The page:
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Am J Clin Nutr. 2010 Dec;92(6):1446-51. doi: 10.3945/ajcn.2010.29746. Epub 2010 Oct 6.

Vitamin D deficiency and anthropometric indicators of adiposity in school-age children: a prospective study.

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  • 1Departments of Nutrition and Environmental Health Sciences, School of Public Health, University of Michigan, Ann Arbor, MI, USA.

Abstract

BACKGROUND:

Cross-sectional studies have indicated that vitamin D serostatus is inversely associated with adiposity. It is unknown whether vitamin D deficiency is a risk factor for the development of adiposity in children.

OBJECTIVE:

We investigated the associations between vitamin D serostatus and changes in body mass index (BMI; in kg/m²), skinfold-thickness ratio (subscapular-to-triceps), waist circumference, and height in a longitudinal study in children from Bogota, Colombia.

DESIGN:

We quantified plasma 25-hydroxyvitamin D [25(OH)D] concentrations in baseline samples of a randomly selected group of 479 schoolchildren aged 5-12 y and classified vitamin D status as deficient [25(OH)D concentrations < 50 nmol/L], insufficient [25(OH)D concentrations ≥ 50 and < 75 nmol/L], or sufficient [25(OH)D concentrations ≥ 75 nmol/L]. We measured anthropometric variables annually for a median of 30 mo. We estimated the average change in each anthropometric indicator according to baseline vitamin D status by using multivariate mixed linear regression models.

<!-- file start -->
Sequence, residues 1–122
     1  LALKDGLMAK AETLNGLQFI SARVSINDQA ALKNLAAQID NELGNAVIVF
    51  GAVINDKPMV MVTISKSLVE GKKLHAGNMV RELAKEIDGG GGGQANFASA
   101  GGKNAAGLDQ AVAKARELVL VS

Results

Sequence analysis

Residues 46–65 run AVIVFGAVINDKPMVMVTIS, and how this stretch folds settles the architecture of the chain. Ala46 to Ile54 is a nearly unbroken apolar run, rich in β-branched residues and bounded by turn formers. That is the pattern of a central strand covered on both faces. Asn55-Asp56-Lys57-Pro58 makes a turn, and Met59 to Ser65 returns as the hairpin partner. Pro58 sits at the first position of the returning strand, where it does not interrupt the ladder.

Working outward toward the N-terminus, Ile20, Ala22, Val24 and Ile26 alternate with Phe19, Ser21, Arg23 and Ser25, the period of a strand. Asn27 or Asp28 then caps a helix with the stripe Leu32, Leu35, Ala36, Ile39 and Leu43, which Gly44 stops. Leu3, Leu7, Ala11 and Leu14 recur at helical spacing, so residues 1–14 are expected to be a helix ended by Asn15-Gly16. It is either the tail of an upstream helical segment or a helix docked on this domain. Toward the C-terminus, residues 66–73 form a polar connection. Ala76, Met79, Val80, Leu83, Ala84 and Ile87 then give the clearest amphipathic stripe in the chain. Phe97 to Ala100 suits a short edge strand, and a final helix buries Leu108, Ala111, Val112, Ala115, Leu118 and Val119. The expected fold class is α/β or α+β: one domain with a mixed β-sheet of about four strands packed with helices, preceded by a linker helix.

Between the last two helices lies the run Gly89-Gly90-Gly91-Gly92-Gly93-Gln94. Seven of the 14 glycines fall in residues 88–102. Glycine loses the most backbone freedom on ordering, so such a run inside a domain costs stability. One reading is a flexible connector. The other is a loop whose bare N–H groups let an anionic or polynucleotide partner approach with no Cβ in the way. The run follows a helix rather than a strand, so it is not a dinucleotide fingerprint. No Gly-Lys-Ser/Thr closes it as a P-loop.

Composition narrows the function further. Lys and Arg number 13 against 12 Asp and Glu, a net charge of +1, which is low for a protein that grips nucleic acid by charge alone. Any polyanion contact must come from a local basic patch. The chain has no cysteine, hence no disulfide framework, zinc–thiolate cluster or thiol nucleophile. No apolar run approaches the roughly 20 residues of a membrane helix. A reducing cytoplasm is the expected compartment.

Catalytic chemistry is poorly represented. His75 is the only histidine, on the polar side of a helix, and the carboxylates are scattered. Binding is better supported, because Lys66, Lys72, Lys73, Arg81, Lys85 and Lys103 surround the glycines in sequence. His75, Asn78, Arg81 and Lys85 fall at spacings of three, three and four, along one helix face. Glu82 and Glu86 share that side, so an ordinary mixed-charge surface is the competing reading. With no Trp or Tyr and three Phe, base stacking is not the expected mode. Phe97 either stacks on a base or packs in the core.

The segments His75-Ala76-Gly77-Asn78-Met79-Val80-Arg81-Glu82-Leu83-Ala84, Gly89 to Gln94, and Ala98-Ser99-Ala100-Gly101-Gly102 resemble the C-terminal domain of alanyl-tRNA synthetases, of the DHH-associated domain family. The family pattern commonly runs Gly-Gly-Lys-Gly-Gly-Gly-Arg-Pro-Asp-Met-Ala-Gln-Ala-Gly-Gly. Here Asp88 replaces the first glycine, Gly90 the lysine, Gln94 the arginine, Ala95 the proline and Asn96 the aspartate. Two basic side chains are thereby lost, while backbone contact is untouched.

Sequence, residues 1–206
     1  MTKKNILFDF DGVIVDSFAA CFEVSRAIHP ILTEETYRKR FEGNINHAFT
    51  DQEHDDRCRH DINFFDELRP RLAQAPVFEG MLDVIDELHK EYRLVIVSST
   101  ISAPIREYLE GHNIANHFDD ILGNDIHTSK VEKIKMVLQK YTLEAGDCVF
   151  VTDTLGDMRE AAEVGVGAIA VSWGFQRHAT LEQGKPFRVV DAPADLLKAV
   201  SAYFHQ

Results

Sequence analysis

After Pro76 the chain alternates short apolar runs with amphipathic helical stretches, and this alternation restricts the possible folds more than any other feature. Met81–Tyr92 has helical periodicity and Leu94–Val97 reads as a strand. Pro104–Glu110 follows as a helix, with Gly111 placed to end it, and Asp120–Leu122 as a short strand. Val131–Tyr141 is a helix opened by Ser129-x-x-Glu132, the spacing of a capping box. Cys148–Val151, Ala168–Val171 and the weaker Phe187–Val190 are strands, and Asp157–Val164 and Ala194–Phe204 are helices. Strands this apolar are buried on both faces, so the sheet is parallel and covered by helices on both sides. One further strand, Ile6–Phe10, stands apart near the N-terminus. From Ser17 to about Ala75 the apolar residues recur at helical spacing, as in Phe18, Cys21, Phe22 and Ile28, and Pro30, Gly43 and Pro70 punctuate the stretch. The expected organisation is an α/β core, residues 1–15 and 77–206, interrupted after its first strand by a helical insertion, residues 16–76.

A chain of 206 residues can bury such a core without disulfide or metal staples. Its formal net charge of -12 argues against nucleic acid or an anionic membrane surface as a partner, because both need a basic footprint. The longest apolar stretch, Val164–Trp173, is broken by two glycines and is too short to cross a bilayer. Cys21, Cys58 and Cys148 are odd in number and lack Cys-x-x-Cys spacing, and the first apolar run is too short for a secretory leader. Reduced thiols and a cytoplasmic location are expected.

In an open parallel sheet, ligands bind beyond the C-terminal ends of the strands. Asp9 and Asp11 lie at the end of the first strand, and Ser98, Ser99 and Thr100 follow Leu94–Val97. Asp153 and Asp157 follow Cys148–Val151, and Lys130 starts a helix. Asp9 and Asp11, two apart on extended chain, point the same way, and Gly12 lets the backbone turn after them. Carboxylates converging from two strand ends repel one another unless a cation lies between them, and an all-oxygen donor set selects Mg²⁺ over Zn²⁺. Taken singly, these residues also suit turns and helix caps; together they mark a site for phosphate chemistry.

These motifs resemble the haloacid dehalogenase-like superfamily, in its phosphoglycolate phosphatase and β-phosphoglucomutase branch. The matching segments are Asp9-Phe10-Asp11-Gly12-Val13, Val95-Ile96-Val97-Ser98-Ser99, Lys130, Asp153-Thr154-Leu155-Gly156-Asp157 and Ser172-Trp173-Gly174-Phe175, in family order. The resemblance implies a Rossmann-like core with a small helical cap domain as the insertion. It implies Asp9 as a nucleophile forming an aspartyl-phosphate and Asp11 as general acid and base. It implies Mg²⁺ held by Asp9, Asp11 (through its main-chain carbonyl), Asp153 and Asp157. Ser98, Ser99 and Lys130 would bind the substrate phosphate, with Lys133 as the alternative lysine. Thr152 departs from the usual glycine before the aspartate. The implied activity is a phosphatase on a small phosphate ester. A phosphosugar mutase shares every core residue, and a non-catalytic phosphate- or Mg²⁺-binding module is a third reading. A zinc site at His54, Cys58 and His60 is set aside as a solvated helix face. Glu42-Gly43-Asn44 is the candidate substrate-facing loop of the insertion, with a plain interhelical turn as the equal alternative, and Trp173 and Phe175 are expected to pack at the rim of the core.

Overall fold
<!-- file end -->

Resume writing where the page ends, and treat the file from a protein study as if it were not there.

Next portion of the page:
RESULTS:

Vitamin D-deficient children had an adjusted 0.1/y greater change in BMI than did vitamin D-sufficient children (P for trend = 0.05). Similarly, vitamin D-deficient children had a 0.03/y (95% CI: 0.01, 0.05/y) greater change in subscapular-to-triceps skinfold-thickness ratio and a 0.8 cm/y (95% CI: 0.1, 1.6 cm/y) greater change in waist circumference than did vitamin D-sufficient children. Vitamin D deficiency was related to slower linear growth in girls (-0.6 cm/y, P = 0.04) but not in boys (0.3 cm/y, P = 0.34); however, an interaction with sex was not statistically significant.

CONCLUSION:

Vitamin D serostatus was inversely associated with the development of adiposity in school-age children.

PMID:
20926524
[PubMed - indexed for MEDLINE]
PMCID:
PMC3131841
Free PMC Article
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